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Once I’d officially been promoted to fiancée, we drove cross-country to our new home.Of course, Portland was just as amazing as he’d described; this city is full of doughnuts shaped like voodoo dolls and an air of creative enthusiasm that encourages locals to "Keep Portland Weird."There was only one detail my husband had left out.In my hometown, the guys who were genuinely attracted to me (beyond mere lust) would never admit it to their peers—they’d have been ridiculed for actually liking a black girl.So in order to feel the touch of a man in my adolescence, I played the role of a "Jezebel."I grew up black in a mostly white area, so I was accustomed to casual racism.But on the East Coast, there was so much more exposure to diversity, and I’d worked in New York for several years.Outside of working in metro areas, I had a support system of friends and family to seek refuge with when I felt like a black person engulfed by white space. Thanks to Google, I quickly discovered that we were now living in a place that is often referred to "Whitetopia." Not only is there a shortage of black people, but their lack of diversity was actually intentional, and the city has a long history of white supremacist activity.Prior to moving, I thought I had mastered the art of navigating white spaces—being surrounded by white people didn't strike me as something I’d need to prepare for.However, after I moved, I became more and more aware of strangers’ inherent biases against and irrational fear of black people. Xavier thought perhaps I was being too sensitive... People we met were never overtly racist, but they seemed to tense up once they saw me approaching them, and they’d relax once they realized I was with Xavier.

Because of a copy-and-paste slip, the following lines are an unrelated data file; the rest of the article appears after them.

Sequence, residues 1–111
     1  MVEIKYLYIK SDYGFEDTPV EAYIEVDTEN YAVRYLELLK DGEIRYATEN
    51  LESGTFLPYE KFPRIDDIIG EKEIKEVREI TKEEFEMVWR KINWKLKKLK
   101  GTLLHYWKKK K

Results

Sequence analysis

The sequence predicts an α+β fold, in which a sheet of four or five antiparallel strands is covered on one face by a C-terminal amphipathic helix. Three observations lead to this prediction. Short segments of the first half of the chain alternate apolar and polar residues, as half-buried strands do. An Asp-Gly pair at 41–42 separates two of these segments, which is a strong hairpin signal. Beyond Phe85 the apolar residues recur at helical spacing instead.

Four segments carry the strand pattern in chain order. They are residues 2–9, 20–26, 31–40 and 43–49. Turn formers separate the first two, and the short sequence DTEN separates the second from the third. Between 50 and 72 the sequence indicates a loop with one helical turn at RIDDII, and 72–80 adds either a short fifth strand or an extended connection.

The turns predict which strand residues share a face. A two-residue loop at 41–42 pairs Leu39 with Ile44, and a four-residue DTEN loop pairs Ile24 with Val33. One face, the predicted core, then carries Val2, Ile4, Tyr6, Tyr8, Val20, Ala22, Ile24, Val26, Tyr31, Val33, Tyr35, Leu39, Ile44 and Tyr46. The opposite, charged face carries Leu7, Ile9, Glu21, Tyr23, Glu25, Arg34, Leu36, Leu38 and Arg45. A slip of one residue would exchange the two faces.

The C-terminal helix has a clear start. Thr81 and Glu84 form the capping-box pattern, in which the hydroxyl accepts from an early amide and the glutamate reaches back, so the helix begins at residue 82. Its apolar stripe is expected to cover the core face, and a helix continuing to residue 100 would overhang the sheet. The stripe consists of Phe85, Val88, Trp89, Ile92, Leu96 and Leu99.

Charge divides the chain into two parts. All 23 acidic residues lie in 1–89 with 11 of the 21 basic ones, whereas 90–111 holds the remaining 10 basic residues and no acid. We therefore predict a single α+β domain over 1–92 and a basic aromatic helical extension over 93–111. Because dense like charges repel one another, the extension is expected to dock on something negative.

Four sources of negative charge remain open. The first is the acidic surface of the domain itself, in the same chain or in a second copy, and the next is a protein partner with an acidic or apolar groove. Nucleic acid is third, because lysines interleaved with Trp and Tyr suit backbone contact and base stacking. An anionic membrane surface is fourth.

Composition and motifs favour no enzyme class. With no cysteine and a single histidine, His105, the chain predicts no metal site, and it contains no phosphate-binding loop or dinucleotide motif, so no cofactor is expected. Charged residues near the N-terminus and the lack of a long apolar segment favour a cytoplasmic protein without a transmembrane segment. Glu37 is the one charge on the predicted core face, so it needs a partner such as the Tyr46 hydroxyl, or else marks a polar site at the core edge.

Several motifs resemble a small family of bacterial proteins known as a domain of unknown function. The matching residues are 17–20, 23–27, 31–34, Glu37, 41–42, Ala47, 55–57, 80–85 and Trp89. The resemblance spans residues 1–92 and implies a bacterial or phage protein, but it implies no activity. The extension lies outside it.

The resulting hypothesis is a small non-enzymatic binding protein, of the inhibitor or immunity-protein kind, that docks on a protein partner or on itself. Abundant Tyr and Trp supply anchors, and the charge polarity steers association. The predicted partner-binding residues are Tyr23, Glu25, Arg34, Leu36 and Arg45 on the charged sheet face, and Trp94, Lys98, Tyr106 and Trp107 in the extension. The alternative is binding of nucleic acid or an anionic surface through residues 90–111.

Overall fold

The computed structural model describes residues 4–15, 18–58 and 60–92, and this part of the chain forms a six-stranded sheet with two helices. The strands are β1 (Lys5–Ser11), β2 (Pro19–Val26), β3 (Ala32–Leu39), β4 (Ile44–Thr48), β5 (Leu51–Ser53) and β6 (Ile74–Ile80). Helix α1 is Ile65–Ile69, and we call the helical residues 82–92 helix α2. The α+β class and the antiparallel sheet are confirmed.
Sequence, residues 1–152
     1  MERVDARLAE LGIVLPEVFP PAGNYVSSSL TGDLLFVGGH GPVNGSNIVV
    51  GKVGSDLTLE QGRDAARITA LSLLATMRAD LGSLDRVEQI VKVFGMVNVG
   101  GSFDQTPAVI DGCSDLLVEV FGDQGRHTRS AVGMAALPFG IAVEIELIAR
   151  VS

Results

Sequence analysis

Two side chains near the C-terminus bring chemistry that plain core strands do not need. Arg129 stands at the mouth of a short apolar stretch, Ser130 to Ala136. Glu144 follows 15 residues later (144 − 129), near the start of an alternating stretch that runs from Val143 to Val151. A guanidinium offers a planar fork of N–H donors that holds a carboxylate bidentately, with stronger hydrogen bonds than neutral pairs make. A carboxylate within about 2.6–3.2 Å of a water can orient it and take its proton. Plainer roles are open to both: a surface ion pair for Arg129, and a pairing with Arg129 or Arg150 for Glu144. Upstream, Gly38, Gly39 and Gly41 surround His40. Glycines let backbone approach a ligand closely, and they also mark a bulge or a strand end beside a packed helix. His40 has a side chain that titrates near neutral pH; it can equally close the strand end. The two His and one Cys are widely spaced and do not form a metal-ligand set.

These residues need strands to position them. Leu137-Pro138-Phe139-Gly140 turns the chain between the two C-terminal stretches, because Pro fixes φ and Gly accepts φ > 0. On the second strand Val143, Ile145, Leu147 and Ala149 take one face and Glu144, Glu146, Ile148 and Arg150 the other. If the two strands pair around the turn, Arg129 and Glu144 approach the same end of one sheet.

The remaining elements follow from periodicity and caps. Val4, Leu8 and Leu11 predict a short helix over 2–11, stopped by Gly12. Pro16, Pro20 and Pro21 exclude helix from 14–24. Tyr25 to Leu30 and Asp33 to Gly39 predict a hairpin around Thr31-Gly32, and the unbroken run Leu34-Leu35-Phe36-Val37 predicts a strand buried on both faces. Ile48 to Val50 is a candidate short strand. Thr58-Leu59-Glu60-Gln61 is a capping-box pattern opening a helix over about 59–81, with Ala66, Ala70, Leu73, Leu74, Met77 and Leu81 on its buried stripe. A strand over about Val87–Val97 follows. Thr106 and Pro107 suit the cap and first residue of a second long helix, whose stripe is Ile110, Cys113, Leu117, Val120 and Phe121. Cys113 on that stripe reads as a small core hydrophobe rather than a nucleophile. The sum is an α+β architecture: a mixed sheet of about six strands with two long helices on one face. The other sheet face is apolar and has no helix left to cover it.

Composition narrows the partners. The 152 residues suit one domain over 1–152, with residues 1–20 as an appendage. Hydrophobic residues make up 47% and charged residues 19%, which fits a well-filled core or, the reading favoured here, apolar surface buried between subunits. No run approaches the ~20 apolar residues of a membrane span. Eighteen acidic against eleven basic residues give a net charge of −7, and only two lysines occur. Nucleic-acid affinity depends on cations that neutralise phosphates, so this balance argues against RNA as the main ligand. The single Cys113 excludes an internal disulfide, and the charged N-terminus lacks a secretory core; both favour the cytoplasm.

For starters, he seemed to express genuine interest in me as a person…
As the weeks passed, I slowly started to realize that I hadn’t seen any black people since we’d arrived.
Because my husband is white, the lens through which he views the world had allowed him to visit Portland and never think twice about the fact that it was such an overwhelmingly white city.
When he came back, he told tales of a magical land packed with breweries on every block and fine artisan cuisine spilling from food carts all over the city.
Then he produced an engagement ring and persuaded me to move west with him.